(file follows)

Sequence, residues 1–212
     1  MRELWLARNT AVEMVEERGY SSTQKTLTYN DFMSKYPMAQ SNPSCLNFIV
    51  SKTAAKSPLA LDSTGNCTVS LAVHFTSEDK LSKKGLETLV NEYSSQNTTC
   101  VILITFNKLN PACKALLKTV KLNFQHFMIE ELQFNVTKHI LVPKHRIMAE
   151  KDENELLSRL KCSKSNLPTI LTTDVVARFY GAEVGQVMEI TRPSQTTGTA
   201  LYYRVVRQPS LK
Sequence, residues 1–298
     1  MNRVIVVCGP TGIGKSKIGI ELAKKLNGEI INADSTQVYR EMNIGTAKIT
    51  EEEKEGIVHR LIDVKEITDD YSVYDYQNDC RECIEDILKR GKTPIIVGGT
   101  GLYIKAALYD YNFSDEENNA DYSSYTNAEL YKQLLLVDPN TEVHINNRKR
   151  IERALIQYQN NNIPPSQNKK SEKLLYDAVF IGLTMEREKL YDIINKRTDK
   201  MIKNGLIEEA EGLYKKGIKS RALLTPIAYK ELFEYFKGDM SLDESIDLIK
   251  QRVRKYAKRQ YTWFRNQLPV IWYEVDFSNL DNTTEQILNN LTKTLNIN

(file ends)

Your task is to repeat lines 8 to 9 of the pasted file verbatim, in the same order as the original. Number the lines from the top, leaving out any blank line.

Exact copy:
     1  MNRVIVVCGP TGIGKSKIGI ELAKKLNGEI INADSTQVYR EMNIGTAKIT
    51  EEEKEGIVHR LIDVKEITDD YSVYDYQNDC RECIEDILKR GKTPIIVGGT